Nauvoo Illinois Temple
50 North Wells Street in Nauvoo, Illinois
B’nai Israel Temple
Designed by Philip Meyer, a native of Germany and a nephew of local retail magnate Frederick Auerbach, the B’nai Israel Temple was constructed in 1890-91. Henry Monheim, a local architect, supervised the construction. It is one of the few remaining structures built by Utah’s early pioneer Jews and reflects their importance in the development of the economy, government, and educational institutions of the state. The design of this Romanesque Revival style building was reportedly based on the Fasanenstrasse Synagogue, a famous Jewish temple in Berlin. While the main elevation is rusticated Kyune sandstone, the side walls and the drum beneath the dome are brick.
The Congregation B’nai Israel was organized in 1881 and built a small synagogue in 1883 at First West and Third South. Following a division in the synagogue, the orthodox Congregation Montefiore built a new synagogue at 355 South Third East, and the reform B’nai Israel congregation built this temple. It was sold in the early 1970’s when a new temple was built for combined local Jewish congregations. It has since housed several commercial enterprises including a restaurant and offices.
Located at 249 South 400 East in Salt Lake City, Utah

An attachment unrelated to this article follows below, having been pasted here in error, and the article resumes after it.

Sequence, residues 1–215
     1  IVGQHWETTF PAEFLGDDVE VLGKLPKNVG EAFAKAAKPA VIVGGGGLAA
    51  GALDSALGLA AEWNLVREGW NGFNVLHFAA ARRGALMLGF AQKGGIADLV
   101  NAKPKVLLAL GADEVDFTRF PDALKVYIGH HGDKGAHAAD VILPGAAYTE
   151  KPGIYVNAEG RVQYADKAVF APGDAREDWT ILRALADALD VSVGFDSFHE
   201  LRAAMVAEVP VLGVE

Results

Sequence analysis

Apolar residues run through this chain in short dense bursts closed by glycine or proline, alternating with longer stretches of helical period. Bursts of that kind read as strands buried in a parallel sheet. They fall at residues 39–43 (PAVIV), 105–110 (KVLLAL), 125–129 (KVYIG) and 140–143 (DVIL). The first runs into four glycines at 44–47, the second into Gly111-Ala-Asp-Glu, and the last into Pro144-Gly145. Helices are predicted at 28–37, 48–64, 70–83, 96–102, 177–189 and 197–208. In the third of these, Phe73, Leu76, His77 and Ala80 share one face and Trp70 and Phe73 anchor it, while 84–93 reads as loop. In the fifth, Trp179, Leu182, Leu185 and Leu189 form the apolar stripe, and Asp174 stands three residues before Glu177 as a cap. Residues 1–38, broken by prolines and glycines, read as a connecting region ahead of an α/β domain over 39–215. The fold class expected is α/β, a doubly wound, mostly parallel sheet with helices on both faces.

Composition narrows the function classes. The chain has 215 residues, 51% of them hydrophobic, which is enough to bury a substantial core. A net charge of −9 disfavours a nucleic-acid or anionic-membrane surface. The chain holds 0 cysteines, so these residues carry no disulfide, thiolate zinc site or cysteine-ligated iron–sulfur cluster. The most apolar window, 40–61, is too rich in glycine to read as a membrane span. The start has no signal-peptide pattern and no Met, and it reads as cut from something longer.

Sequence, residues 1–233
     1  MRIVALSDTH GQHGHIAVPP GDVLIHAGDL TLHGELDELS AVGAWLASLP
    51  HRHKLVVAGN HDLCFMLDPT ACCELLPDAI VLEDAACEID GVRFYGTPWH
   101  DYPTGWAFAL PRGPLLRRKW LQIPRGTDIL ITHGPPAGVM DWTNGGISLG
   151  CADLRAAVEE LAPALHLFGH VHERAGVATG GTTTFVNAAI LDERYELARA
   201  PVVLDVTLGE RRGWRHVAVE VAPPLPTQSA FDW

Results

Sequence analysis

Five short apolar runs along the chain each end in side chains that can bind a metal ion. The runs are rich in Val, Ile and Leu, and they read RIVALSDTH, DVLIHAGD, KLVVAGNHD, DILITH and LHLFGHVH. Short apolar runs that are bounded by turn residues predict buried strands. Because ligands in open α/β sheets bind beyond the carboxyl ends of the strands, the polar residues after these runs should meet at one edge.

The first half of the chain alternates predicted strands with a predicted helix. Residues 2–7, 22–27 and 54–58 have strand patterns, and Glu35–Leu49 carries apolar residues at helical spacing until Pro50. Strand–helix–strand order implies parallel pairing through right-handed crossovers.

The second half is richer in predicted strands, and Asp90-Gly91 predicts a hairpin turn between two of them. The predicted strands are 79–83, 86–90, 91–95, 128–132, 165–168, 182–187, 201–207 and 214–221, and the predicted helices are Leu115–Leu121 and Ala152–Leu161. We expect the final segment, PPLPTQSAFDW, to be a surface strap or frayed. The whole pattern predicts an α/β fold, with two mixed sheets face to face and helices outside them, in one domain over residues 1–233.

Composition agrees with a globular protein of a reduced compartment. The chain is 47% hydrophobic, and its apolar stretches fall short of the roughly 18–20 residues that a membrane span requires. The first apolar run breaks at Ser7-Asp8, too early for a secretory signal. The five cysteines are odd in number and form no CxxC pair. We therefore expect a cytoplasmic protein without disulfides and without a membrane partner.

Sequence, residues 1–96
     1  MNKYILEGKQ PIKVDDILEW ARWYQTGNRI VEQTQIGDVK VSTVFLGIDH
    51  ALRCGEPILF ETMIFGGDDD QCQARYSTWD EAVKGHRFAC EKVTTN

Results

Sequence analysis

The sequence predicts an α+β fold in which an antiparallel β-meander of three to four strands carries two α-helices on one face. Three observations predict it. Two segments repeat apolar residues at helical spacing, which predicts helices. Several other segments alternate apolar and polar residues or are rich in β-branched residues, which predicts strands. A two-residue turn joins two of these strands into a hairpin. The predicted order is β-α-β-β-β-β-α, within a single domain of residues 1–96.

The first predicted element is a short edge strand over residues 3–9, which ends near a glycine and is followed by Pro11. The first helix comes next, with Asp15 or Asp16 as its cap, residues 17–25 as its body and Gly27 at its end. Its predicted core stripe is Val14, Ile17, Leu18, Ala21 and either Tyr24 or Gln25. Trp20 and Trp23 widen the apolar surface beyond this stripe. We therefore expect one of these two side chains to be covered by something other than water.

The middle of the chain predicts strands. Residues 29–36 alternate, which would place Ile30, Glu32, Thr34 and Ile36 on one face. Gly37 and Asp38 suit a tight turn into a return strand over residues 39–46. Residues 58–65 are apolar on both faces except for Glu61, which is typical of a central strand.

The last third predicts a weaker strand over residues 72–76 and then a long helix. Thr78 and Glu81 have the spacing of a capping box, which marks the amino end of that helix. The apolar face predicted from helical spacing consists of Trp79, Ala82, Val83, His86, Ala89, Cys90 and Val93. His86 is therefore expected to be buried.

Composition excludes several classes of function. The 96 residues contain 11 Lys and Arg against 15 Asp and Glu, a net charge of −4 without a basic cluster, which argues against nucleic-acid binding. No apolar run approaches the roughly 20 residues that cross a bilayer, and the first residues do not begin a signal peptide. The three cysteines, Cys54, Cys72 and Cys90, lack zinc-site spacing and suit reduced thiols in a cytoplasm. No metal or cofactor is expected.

The Vernal Utah Temple of The Church of Jesus Christ of Latter-day Saints, formerly the Uintah Stake Tabernacle.
On February 13, 1994 it was annouced that the vacant tabernacle would be converted into a temple for the LDS Church.
The Uintah Stake Tabernacle is devoid of Gothic detail common in church architecture and is a more simplified and almost civic variant of the Georgian New England Church form. Of over forty tabernacles built in Utah, it is the only one existing in the eastern part of the state. Built during the years between 1900-1907, it is the most significant symbol of the Mormon culture in the Uintah Basin, one of Utah’s last frontiers to be settled by members of the Church of Jesus Christ of Latter-day Saints. The Uintah Stake Tabernacle is also on the Utah Register of Historic Places.
Salt Lake Masonic Temple
The Masonic Temple is the meeting place of a fraternal organization called the Masons. The word mason refers to a person who builds with brick or stone. The Masons began as a club for builders in the Middle Ages (500 – 1,500 AD). Today, the Masons sponsor many charitable activities such as Shriners Hospital, which provides free medical care for children with special needs.
The Masonic Temple is built in an architectural style called Egyptian Revival. This style became popular for a short time after further exploration of the Egyptian pyramids and the discovery of King Tutankhamen’s tomb in 1922.
The Masonic Temple, is a large Egyptian Revival Style structure built according to Masonic Law and tradition, The measurements of the building and the dimensions of the interior follow the exact number system laid out in Masonic ritual. Because of the importance of the numbers three, five and seven in Masonry, these numbers were used as a base for the design, Since the number seven was considered the perfect, number, seven and numbers divisible by seven were used in all spacing and measurement.
The columns on the building are fourteen feet apart (or multiples of seven) . The Temple is three stories high, to signify the three degrees of Masonry.